Iowa education director named NASBE Policy Leader of the Year
Iowa Department of Education Director Ryan Wise has been named the National Association of State Boards of Education’s (NASBE) 2017 Policy Leader of the Year. The award is given annually to a national or state policymaker in recognition of their contributions to education. Last year’s recipient was Delaware governor Jack Markell.
Wise has been Iowa’s education chief since 2015. He was nominated by State Board of Education and NASBE Board of Directors member Brooke Axiotis.
“I nominated Director Wise because I believe that his work in Iowa deserved to be recognized on a national level,” Axiotis said. “Additionally, I believe this is a great opportunity to share Iowa’s accomplishments with other state boards of education.”
In her nomination, Axiotis credited Wise with leading “bold statewide education initiatives designed to prepare students for success in high school and beyond.” The initiatives include full implementation of Iowa’s Teacher Leadership and Compensation System (TLC), an early literacy initiative to ensure Iowa students are proficient readers by the end of third grade, a redesign of career and technical education and ongoing development and revision of Iowa’s academic standards.
Wise said he sees the award as a reflection of Iowa’s collaborative spirit in education improvement.
“I’m deeply grateful for this award, although it represents something much larger than one person,” he said. “This award exemplifies all Iowans who have worked together to make our schools into places where adults can collaborate and students can thrive. I visit schools across the state each week to stay connected to the classroom, and it’s inspiring to see how statewide improvement efforts are making a difference.”
Wise joined the department in 2012 to facilitate a state task force that laid the foundation for TLC, the centerpiece of an education reform packaged adopted by legislators in 2013. TLC is the most comprehensive teacher leadership system in the nation, designed to reward effective teachers with leadership opportunities and higher pay, attract promising new teachers with competitive starting salaries and more support and foster greater collaboration for all teachers to learn from each other. The overriding goal of TLC is to improve instruction in the classroom. Today, all of Iowa’s 333 districts are implementing a local teacher leadership plan.
Iowa continues to lead the country in high school graduation rates and remains the only state with a four-year graduation rate above 90 percent. At the same time, under Wise’s leadership, Iowa is setting the stage to translate its outstanding graduation rate into postsecondary success.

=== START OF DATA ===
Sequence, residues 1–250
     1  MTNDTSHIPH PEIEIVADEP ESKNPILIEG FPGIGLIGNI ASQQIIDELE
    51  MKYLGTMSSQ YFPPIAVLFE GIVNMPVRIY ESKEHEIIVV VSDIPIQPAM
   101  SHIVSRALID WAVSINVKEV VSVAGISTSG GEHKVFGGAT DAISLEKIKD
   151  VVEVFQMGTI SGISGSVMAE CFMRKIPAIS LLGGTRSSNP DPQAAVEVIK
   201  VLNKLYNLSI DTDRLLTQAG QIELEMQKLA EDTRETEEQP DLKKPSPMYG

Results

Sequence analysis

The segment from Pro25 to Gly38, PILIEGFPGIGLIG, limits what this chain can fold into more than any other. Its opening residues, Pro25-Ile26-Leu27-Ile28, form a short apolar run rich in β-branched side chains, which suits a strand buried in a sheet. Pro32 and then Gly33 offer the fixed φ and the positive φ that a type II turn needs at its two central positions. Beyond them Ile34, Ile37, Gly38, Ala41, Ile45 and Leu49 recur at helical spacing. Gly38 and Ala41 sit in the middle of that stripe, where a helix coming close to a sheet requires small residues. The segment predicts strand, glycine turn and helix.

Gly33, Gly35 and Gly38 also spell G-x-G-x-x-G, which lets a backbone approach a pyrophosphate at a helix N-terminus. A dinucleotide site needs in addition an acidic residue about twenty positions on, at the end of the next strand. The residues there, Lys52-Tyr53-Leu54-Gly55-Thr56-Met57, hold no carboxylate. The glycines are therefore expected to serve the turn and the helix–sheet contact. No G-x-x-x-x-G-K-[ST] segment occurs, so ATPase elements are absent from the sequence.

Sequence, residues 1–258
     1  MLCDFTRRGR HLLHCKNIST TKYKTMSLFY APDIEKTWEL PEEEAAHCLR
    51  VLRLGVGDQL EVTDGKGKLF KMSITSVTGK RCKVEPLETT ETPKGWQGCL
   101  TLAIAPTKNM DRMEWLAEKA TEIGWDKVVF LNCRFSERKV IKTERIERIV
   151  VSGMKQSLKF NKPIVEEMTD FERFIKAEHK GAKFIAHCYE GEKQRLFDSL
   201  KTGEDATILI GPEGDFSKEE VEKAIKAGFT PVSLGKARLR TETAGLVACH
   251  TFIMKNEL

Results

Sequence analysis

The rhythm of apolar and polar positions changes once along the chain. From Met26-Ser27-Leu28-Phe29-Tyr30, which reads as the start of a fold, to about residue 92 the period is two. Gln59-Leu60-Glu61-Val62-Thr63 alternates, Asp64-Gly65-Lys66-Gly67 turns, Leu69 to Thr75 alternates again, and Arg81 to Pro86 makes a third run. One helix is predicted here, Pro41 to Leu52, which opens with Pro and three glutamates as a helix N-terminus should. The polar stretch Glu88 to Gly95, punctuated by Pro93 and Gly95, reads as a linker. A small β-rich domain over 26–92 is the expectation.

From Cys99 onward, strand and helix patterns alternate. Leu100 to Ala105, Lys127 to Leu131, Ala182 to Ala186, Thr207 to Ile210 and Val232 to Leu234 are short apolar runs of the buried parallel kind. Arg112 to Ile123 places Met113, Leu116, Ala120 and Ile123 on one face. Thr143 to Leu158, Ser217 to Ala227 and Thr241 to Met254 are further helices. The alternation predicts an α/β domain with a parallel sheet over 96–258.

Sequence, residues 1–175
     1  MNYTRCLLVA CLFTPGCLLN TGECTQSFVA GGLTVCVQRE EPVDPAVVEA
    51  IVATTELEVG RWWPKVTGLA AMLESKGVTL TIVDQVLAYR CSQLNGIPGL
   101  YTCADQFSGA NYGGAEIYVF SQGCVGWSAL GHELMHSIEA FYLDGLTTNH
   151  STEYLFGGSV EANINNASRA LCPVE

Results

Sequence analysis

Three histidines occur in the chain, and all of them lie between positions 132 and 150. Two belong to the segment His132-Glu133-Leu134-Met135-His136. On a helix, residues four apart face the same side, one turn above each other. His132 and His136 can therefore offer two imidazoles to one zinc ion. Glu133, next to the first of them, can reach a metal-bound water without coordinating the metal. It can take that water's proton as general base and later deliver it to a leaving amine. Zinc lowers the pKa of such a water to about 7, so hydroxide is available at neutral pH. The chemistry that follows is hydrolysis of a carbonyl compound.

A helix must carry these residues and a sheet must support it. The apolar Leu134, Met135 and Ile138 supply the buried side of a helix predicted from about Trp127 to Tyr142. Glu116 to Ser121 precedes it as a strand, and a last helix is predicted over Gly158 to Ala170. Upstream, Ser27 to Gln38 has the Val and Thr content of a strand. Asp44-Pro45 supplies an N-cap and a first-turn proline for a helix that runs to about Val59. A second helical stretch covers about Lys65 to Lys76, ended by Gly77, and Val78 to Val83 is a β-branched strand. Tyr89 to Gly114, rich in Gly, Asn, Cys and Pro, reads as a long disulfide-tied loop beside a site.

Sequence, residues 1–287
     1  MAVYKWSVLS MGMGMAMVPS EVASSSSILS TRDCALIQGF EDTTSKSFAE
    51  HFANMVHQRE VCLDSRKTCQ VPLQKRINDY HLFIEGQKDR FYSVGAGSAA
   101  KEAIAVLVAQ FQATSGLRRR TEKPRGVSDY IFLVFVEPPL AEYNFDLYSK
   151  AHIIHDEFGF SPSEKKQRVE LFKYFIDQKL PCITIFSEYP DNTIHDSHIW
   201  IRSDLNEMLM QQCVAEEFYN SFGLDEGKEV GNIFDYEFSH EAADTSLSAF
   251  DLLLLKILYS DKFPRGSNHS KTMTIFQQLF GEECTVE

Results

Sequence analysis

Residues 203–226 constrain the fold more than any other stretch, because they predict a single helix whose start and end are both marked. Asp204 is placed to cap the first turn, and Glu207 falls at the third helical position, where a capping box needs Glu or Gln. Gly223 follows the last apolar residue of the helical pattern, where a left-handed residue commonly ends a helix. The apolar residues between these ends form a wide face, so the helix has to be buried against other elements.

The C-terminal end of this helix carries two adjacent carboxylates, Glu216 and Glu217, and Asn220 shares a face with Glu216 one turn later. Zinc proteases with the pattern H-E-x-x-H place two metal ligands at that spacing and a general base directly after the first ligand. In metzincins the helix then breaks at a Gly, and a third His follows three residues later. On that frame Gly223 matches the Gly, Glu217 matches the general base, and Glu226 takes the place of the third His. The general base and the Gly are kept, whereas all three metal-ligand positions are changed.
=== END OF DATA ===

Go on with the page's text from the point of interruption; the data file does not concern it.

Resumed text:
As the Iowa Department of Education director, Wise has held a key leadership position on a statewide Future Ready Iowa Alliance created to meet the goal of 70 percent of Iowa’s workforce having education or training beyond high school by 2025.
He has approached far-reaching statewide policy initiatives with a spirit of transparency and collaboration. This includes the formation of advisory groups and statewide feedback tours on such initiatives as Iowa’s Every Student Succeeds Act plan, an ongoing review of statewide academic standards and the design and creation of a new web-based state school rating system.
Wise has also made it a priority to visit schools throughout the state each week and has accumulated more than 100 visits to Iowa school districts.
Wise began his career as a high school history teacher in Mississippi and Nebraska before moving to his home state of South Dakota to launch and lead Teach for America on the Rosebud and Pine Ridge reservations. He also worked to eliminate education inequity around the world as one of the pioneering staff members of Teach for All, a global network of entrepreneurs.
Wise earned a doctorate in education leadership from the Harvard Graduate School of Education, a master’s degree in public administration from the University of Nebraska at Omaha and a bachelor’s degree in history from Creighton University.
He lives in Des Moines with his wife, Sacha, and their two sons, Weston and Graham. Their sons are students in the Des Moines Public Schools.